⦿ I started NoctaCam in 2016 which, in retrospect was too late. Virtually all my competitors had a head start. It’s better to be too early to a market than too late.

Staffing

⦿ If I were to do Futurecam again, I’ll hire a team only after I built a prototype that meets my needs personally as a photographer. Because hiring a team is a massive effort in itself, and I ended up having to do the hard parts anyway, the core image-processing parts that generate value. It would have been less effort to just do everything myself as long as the product has an audience of one: me. So that’s what I’d do next time.

⦿ Last time, I hired a backend engineer to build our iPhone app. I did this because I worked at Google, where we believed that a great engineer is a great engineer and can always learn a new framework. But in my case, the engineer took a quarter to learn iOS, at great delay and cost to me. And even after a quarter, he didn’t know all the parts of iOS that are commonly used. So, next time: 1) I’ll ignore the exaggerations about hitting the ground running. The learning curve in tech is severe — two quarters. 2) Rather than blindly following Google, I’ll do what’s right for me. 3) When I hire a backend engineer, I’d be flexible among frameworks like FaaS, Django and Rails, but I wouldn’t hire a frontend or a mobile engineer if the work is primarily going to be backend. Similarly, when I hire a frontend engineer, I’d be flexible among frameworks like Vue, React and Angular, but not hire a backend or mobile engineer if the work is primarily going to be frontend. Similarly, I wouldn’t hire a mobile engineer to build a backend or web frontend.

⦿ I worked with multiple designers over time, and all them took up too much of my time and the team’s time by insisting on re-evaluating everything from scratch that had already been discussed in great detail by multiple people. At the end of all this, they didn’t deliver enough. This is because UX design requires so much context and is tied so closely with the product vision on one hand and engineering on the other that having a separate UX designer doesn’t make sense at the early stage. Design, like product, should be done by one of the existing team members. This also reduces the N² coordination problem that arises when you have N people. If you already have 4 team members, and you decide to hire a designer, which sounds like an increase of only 25%, the time spent in coordination increases from 16 to 25, which is 56%! So, if I were to do Futurecam again, I’d design the UX myself, and hire a UI designer to pretty up each screen I’ve designed. I’d be open to feedback, of course, while being clear about roles, that I’m ultimately in charge of the design. I’d also timebox re-evaluations about things that were already discussed in exhaustive detail by others.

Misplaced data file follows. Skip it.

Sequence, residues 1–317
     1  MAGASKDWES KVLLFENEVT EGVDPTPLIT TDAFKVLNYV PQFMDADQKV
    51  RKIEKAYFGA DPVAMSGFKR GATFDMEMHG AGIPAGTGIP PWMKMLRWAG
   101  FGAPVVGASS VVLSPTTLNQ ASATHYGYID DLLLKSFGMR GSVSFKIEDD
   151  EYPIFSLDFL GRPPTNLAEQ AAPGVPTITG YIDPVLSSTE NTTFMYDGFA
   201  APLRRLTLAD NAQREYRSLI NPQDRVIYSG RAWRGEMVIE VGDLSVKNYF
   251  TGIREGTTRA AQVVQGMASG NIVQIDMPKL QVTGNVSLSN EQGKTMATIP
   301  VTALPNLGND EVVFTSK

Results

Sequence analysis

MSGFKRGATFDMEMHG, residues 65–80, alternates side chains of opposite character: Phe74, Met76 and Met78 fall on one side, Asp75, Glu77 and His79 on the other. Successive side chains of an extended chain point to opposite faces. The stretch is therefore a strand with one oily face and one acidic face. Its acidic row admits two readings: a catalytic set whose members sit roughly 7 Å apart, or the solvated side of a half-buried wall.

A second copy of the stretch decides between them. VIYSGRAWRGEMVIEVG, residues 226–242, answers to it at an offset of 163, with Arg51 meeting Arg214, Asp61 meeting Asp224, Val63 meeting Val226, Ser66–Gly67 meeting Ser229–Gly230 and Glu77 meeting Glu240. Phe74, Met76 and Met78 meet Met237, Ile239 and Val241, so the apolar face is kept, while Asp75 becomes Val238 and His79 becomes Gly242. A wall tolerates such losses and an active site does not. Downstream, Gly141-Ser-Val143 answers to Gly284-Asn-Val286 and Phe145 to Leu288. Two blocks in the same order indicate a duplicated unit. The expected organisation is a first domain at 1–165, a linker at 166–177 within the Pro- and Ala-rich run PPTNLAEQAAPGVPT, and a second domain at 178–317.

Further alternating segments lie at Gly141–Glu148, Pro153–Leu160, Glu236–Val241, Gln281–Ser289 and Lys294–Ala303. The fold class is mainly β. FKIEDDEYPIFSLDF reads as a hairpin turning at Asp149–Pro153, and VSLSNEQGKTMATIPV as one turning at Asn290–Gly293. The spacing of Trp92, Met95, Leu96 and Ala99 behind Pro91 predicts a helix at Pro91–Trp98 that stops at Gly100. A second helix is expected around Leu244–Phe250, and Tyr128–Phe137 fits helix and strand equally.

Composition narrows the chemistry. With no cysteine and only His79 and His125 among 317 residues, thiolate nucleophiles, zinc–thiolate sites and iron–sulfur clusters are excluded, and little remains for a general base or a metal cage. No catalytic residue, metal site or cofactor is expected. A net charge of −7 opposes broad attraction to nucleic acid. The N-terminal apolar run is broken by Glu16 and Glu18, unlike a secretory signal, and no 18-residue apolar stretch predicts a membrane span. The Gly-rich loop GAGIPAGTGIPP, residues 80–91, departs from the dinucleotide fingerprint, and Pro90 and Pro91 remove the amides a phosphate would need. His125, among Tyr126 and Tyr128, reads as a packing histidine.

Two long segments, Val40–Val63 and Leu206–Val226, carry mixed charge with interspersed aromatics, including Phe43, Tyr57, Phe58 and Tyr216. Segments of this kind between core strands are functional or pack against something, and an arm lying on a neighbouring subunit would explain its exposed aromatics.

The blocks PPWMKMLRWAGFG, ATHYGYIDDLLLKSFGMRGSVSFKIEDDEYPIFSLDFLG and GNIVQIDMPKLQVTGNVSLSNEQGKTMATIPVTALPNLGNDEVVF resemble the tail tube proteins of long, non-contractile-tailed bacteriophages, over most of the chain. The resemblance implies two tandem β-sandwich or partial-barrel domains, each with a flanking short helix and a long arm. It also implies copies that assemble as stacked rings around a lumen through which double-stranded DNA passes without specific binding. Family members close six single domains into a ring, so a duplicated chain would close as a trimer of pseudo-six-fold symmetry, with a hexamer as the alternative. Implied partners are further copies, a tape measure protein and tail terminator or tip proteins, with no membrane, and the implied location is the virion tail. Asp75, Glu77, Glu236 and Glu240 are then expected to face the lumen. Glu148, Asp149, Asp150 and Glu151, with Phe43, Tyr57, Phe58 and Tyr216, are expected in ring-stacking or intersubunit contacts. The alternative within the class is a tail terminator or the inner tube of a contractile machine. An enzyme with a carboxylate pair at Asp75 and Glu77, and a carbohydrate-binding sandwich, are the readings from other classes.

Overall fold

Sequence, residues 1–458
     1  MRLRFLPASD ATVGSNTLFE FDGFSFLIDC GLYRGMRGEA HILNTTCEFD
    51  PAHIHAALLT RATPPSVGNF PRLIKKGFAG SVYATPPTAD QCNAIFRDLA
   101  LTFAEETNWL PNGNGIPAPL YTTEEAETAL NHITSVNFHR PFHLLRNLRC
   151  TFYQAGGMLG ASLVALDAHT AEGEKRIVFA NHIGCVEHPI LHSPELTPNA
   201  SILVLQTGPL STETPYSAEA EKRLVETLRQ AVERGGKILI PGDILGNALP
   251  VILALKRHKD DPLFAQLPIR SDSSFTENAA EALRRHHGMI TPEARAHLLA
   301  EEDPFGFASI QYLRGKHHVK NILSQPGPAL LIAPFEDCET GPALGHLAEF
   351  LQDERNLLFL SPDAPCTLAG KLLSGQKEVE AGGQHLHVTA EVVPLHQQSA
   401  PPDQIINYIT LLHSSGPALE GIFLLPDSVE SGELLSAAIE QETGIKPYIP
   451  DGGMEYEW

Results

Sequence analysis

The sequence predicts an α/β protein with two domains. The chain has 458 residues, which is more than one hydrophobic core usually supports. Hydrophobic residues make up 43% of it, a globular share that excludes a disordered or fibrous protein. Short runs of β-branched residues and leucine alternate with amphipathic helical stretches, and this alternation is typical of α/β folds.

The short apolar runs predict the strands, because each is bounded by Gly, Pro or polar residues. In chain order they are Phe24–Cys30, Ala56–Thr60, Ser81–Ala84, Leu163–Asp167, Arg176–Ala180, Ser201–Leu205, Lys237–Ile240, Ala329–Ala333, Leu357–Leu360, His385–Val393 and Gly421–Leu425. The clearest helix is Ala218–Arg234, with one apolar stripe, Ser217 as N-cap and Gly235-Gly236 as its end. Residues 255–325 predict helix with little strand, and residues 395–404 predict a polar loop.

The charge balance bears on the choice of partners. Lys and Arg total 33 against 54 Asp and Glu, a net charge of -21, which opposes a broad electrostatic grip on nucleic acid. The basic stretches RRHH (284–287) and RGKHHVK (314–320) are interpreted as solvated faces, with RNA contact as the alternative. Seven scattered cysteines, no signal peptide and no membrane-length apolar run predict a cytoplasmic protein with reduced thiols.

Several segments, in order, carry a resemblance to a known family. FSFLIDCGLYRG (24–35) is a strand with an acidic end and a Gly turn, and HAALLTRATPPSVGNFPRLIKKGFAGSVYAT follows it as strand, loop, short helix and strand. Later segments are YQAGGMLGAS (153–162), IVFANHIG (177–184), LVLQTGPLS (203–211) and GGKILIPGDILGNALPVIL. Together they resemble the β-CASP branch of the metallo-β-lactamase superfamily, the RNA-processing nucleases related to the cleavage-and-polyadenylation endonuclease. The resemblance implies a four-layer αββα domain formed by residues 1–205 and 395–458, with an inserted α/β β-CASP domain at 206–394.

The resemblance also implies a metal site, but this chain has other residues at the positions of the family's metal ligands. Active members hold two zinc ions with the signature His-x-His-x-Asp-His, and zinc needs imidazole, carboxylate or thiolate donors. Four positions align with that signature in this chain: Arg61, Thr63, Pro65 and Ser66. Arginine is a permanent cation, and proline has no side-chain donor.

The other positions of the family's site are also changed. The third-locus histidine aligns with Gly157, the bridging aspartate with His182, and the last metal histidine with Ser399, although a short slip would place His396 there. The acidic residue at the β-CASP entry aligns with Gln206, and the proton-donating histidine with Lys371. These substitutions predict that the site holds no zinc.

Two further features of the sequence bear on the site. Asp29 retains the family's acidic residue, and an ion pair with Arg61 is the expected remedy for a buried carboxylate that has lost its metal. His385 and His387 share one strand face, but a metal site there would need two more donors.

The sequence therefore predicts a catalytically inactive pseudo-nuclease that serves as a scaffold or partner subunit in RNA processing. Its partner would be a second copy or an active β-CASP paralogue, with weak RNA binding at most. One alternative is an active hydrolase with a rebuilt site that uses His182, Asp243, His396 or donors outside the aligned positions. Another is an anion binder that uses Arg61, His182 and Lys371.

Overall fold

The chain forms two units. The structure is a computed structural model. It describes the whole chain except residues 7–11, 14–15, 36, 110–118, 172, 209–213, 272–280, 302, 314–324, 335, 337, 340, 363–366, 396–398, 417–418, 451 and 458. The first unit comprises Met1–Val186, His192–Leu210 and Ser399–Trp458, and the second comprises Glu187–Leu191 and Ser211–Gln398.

⦿ I asked our UX designer to design a logo, which took a lot of time. Looking back, when I calculated how much it cost by multiplying his rate by the time he spent, I was shocked to learn that it cost me a lakh rupees! And the quality wasn’t worth the price. The next time I needed a logo, I got a specialist visual designer to design one, and I got a better one for a quarter the price. So, get your logos designed by a graphic designer, not a UX designer, and work with the graphic designer as a freelancer rather than an employee.

⦿ In general, don’t work with people who already have a full-time job but want to work with you on the side, since they’ll prioritise their primary job over your work. If someone has taken up consulting as a full-time job, it’s fine.

⦿ I’ll hire a marketer in advance of the product being ready. Marketing is something that takes multiple quarters to figure out, like engineering. It isn’t something you can do on demand, like setting up a Slack account.

Administrative

⦿ I didn’t incorporate, in an attempt to reduce overhead, but it actually ended up causing more overhead. I may have lost some potential employees by communicating that I’m not serious enough to even incorporate. My accounting also became more complex, probably costing as much in chartered accountant’s fees as I saved by not incorporating, not to mention the time wasted in going off the beaten path.

⦿ When I was running my company, I didn’t have a clear sense of my personal money vs company money. I wasn’t clear whether I’m personally coming close to the red zone. To prevent these, next time I’ll plan all this out in a spreadsheet. I’ll identify clearly how much money is my personal emergency fund, not to be touched even if it means shutting down the company. And which accounts hold money meant for personal use, and which accounts or mutual funds hold money meant for company use. I’ll also be clear about liabilities like a notice period to employees. I’ll plan all this in a spreadsheet rather than mentally, because with the latter you’re never sure you accounted for everything right, so you’re never at peace.

On-demand Leader. Earlier: IIT | Google | Solopreneur | Founder | CTO | Advisor